131: Deputyship Orders in the Court of Protection – Amelia Walker – Law Pod UK

Posted December 1st, 2020 in costs, Court of Protection, deputyship, news, podcasts, third parties by sally

‘Earlier this year Hilder J considered the question of whether a deputy can recover their costs from the protected person’s assets when they have instructed a legal firm with which they are associated. Amelia Walker discusses this judgment, which also outlines the limits of a deputy’s authority, with Rosalind English.’

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Law Pod UK, 30th November 2020

Source: audioboom.com

A Local Authority v GP (Capacity – care, support and education) [2020] EWCOP 56 – 3PB

‘This was the first time that the Court of Protection had been asked to identify the relevant specific decisions that GP had to be able to make in relation to the aforementioned issues within the meaning of s3(1) and 15(1)(a) of the Mental Capacity Act 2005 (“the 2005 Act”) and to consider what the relevant information in respect of each of those decisions was that GP must have been able to understand, retain, use or weigh in accordance with s3(1) of the 2005 Act.’

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3PB, November 2020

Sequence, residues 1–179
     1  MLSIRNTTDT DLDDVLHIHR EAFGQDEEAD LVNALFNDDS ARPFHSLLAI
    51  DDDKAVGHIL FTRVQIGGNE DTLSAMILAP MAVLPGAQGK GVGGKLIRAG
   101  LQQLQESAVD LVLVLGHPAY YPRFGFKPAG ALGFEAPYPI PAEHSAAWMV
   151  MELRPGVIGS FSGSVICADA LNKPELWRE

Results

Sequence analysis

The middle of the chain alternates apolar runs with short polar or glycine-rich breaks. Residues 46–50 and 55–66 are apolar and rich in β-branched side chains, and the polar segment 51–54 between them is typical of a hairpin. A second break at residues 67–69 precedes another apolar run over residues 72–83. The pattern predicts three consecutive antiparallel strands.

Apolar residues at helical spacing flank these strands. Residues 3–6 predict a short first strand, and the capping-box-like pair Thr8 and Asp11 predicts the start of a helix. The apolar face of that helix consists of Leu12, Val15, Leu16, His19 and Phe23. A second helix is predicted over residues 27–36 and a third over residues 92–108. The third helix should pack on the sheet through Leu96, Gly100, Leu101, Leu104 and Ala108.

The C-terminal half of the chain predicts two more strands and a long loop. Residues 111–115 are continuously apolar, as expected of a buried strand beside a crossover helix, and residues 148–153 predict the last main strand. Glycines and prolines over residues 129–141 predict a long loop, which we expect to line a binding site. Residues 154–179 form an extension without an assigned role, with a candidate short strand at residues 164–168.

Source: www.3pb.co.uk

Section 21A Applications and Section 48 Orders (DP v A Local Authority) – 39 Essex Chambers

‘In this case, Mr Justice Hayden provides helpful practical guidance on the operation of section 48 of the Mental Capacity Act 2005 (MCA 2005), as well as confirming the scope of, and the court’s role in, proceedings brought pursuant to MCA 2005, s 21A. He further emphasises the importance of section 21A application being determined speedily, in accordance with Article 5(4) of the European Convention on Human Rights (ECHR) (and accordingly suggests how practically weaknesses in capacity evidence could be addressed).’

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39 Essex Chambers, 15th October 2020

Source: www.39essex.com

Litigating on behalf of P: Guidance for Deputies on seeking permission and managing conflicts – Hardwicke Chambers

Posted October 30th, 2020 in chambers articles, Court of Protection, disabled persons, news by sally

‘Her Honour Judge Hilder has given judgment in ACC & Others [2020] EWCOP 9, a test case which concerns the circumstances in which deputies must seek authority to litigate on behalf of P and other considerations such as managing conflicts where a professional deputy proposes to instruct its own firm in the litigation.’

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Hardwicke Chambers, 26th October 2020

Source: hardwicke.co.uk

Court of Protection Newsletter #20 – Spire Barristers

Posted October 23rd, 2020 in chambers articles, Court of Protection, news by sally